Arguably the most far-reaching impact of sabermetrics is in the use of park factors to put player performance in context. Throughout baseball history, players, fans and executives knew that certain parks changed the game and the statistics, from the Polo Grounds' horseshoe outfield to Yankee Stadium's short porch to the vast expanses of Sportsman's Park in St. Louis. It was statheads who started hanging numbers on those elements, though, enabling us to evaluate players more accurately.
One of the most important things we learned was that ballpark factors bounce around from year to year, owing to the half-season nature of the data (81 games a year in any park) and the changing personnel who play through. Serious analysts have determined that you need three years to evaluate a park, and some use as many as five in setting their adjustments. All agree that using one-year park factors is a mistake -- too small a sample to rely upon.
Of course, perceptions can be hard to change, so when you think about Minute Maid Park in Houston, you think of it as a bandbox, because in 2000 it was the fifth-easiest park in which to hit a home run, and like playing on the moon after years of games in the Astrodome. In 2001, though, it played as both the hardest park for homers and run-scoring in all of baseball. Since then, it has generally rated as a slight hitters' park, and its three-year factors reflect that. You see this kind of jumping around all over single-season ratings; Cleveland's Progressive Field was the best hitters' park in the game based on 2001 data, but it was the second-best pitchers' park in baseball based on 2009's. Some parks routinely occupy one end of the spectrum -- Petco Park in San Diego has always been great for hurlers -- but for the most part, one year of data is unreliable.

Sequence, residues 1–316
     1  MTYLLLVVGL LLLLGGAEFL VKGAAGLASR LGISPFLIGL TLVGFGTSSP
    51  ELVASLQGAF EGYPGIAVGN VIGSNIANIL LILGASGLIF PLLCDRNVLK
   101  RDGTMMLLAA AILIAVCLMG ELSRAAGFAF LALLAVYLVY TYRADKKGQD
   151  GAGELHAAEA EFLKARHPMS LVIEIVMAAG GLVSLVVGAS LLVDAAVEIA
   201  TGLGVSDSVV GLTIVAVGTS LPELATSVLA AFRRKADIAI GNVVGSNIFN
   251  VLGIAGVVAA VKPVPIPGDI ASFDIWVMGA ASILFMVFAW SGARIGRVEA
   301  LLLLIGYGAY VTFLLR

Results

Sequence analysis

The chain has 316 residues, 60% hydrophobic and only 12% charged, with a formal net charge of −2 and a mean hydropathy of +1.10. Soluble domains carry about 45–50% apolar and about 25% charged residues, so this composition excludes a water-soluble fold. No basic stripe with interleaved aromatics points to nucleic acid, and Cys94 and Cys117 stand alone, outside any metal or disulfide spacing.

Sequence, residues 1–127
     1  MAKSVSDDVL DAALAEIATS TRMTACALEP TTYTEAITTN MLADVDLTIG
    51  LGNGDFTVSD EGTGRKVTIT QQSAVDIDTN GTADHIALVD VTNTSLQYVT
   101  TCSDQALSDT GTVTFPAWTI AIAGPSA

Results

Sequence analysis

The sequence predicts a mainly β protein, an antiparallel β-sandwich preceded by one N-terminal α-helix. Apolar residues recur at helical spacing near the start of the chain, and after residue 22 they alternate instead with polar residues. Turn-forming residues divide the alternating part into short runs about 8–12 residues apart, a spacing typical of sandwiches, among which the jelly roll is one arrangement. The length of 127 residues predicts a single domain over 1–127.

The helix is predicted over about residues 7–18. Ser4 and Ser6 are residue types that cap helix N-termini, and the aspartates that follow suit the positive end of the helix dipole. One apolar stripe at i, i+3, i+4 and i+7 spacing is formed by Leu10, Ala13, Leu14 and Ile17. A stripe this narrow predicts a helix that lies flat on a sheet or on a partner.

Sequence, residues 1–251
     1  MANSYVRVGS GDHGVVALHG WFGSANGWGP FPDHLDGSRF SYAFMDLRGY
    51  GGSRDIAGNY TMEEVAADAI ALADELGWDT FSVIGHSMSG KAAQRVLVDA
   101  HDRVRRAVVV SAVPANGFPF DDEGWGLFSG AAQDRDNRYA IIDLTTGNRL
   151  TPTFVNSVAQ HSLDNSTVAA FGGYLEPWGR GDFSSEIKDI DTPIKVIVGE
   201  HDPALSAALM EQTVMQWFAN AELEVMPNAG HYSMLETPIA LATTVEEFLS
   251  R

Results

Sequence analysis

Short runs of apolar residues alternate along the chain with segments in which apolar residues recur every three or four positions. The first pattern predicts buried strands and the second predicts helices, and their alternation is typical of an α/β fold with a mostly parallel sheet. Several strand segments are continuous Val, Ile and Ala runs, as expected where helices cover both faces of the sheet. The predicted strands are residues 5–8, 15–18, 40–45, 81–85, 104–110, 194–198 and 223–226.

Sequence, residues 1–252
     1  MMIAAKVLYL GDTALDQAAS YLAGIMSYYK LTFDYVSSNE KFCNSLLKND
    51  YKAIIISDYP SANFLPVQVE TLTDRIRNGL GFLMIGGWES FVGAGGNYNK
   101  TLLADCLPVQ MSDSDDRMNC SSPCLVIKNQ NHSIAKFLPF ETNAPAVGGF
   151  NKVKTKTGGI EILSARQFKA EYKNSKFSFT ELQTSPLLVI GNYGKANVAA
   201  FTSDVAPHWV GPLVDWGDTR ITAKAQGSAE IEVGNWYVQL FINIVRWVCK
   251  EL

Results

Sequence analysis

Think about the Mets' new home, Citi Field. All of the coverage in 2009 focused on how tough it was on the Mets' hitters, what with the deep outfield and high walls. And yes, it did play as a pitchers' park, 6 percent more difficult for run scoring. But home runs were, in fact, slightly easier to come by at Citi Field than in other parks, by about 4 percent. The Mets' injury problems last season, which would have made them a lousy homer team in Williamsport, were why they didn't hit for power at home. They didn't hit for power anywhere, because they didn't have the personnel for it. Citi Field was a scapegoat.
So far in 2010, Citi Field has been tough on hitters and home runs, but if one season is too small a sample, one quarter of one season is useless. Certainly the Mets are bucking the trend, with a higher slugging average and
Mets fans obsessed over the park a year ago because of how poorly their boys played in it, with much of the focus on
Wright has continued that trend in 2010, and in fact, appears to have permanently changed his approach at the plate. Over two years, Wright's strikeout rate has doubled with only a small uptick in his walk rate. He seems to be consciously trying to hit the ball out of the park now, trading line drives for fly balls, swinging and missing more both at pitches in and out of the zone. The change hasn't been a positive one; Wright is still a productive player, but at a level below his 2005-2008 peak, as the lower batting average and OBP hasn't been matched by a rise in walks or isolated power.
No player doubles his strikeout rate over two years without it being a change in approach or a physical factor. Wright, it seems, reacted to the Mets' loss of power last season by taking it upon himself to hit like a cleanup guy, and in doing so, has made himself worse. The Mets don't need Wright to hit home runs; they need him to be the best player he can be, and that means getting back to what made him a star through his peak, being selective at the plate and hitting line drives into the gaps.
The middle of the Mets' lineup isn't their problem. David Wright and Jason Bay are productive hitters who get on base and hit for power, perfectly capable of being the 3-4 on a championship team. The Mets' problems are elsewhere, and obsessing over the numbers of their very best players distracts from addressing the real problems with the offense, such as the